With nearly 20 Democratic hopefuls vying to be their party’s presidential nominee in 2020 so far, one of them is likely to be selected as the nominee for vice president. Although none would admit right now that he or she would happily accept the No. 2 spot, it’s a choice that s+hould be made more seriously than it historically has been.
Selecting the vice president is arguably as consequential as selecting the president. As I document in my new book "Accidental Presidents," eight times in America’s history the president has died in office, and history was changed in a heartbeat.
The controversial and war-precipitating annexation of Texas; signing the Compromise of 1850 and delaying the Civil War; ending Reconstruction and postponing civil rights for generations; dropping the atomic bomb on Japan; prolonging the disastrous war in Vietnam. These were all decisions made by presidents who were not elected to that office.
Americans would be well-served to remember the power of an unexpected president.
Many presidential candidates pick their vice president hastily, and often in order to appeal to a particular constituency, win a certain state, or fill an expertise gap (much like Joe Biden and Dick Cheney did for Presidents Barack Obama and George W. Bush respectively). Sometimes, desperation leads to a disastrous choice, such as John McCain’s selection of Sarah Palin as his running mate in 2008.
In nearly all modern elections, while candidates have paid lip service to choosing a running mate who is ready to be president, the reality is that the decision was driven by politics.
It is time for America to reconsider not just how vice presidential candidates are chosen, but how the vice president is integrated into the president’s administration so that he or she is prepared to assume the office should the president die or be removed.
On the first issue, we don’t have to accept a system wherein running mates are chosen by the campaign. The process has changed many times throughout history, and to change it again doesn’t require a new law, just an alteration of party rules and acceptance of new norms.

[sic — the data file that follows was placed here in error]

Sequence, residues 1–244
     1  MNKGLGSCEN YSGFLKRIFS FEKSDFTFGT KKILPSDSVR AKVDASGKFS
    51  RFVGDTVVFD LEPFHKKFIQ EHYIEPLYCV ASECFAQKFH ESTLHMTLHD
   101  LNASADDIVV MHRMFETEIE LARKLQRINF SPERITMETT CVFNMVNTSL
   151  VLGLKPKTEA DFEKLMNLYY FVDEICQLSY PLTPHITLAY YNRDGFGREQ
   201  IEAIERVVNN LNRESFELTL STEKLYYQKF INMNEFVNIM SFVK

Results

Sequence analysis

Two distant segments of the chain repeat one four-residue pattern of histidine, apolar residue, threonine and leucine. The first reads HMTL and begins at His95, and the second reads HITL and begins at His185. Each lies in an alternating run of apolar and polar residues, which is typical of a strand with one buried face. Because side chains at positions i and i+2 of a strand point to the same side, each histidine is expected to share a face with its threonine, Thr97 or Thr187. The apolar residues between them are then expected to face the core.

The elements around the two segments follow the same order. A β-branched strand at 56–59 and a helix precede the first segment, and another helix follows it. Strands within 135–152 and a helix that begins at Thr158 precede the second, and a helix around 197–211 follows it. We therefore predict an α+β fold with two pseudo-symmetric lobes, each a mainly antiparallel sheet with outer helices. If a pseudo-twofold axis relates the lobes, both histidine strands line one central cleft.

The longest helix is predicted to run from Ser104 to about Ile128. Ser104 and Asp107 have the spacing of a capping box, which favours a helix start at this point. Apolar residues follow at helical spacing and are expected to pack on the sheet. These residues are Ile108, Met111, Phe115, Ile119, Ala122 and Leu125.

For example, political parties could mandate that the vice presidential nominee must at one point have been a contender for the presidential nomination. Such a requirement would ensure that any vice presidential candidate would have already demonstrated some modicum of fitness for the office by virtue of having competed for the job. Perhaps this change would also build cohesion within the political parties, since candidates would have an incentive not to trash each other too savagely during the primary campaigns.
Alternatively, political parties could wrest control from the nominee’s campaign and establish vice presidential search committees that would incorporate different factions of the party. Parties could also assign the responsibility of nominating a vice president to superdelegates, which would draw on the Democratic Party’s practice of having some number of unelected delegates who can vote for any candidate of their choosing.
On the second issue of ensuring that vice presidents are prepared to assume the duties of the presidency, significant progress has been made since foreign policy neophyte Harry Truman assumed the office following President Franklin D. Roosevelt’s death. Every vice president since Al Gore has had his own national security apparatus and a foreign policy agenda sanctioned by the president. Say what you will about the policies they pursued, these vice presidents were better prepared to be president than their predecessors.
But this readiness was a product of each man's individual interests. It wasn’t required by law, and nothing prevents a president from cutting out the vice president from all substantive discussions. A presidential readiness act could require that the vice president receive daily intelligence briefings, and grant the vice president the right to establish his or her own national security positions.
These changes are unlikely; the Constitution was written to be difficult to amend. But the authors didn’t think of everything, nor did they try to. Instead, they drafted a document that allows for the thoughtful evolution of political will. It was only after President John F. Kennedy’s assassination that we finally ratified the 25th Amendment that formally outlines presidential succession.
Although no president has died in office since Kennedy in 1963, we are currently living through the longest stretch in history without such an abrupt transition. Eventually, that streak will end.
We shouldn’t wait for that moment to relearn the lesson that history has already taught us: Vice presidents matter. It’s time to rethink how we select and prepare them.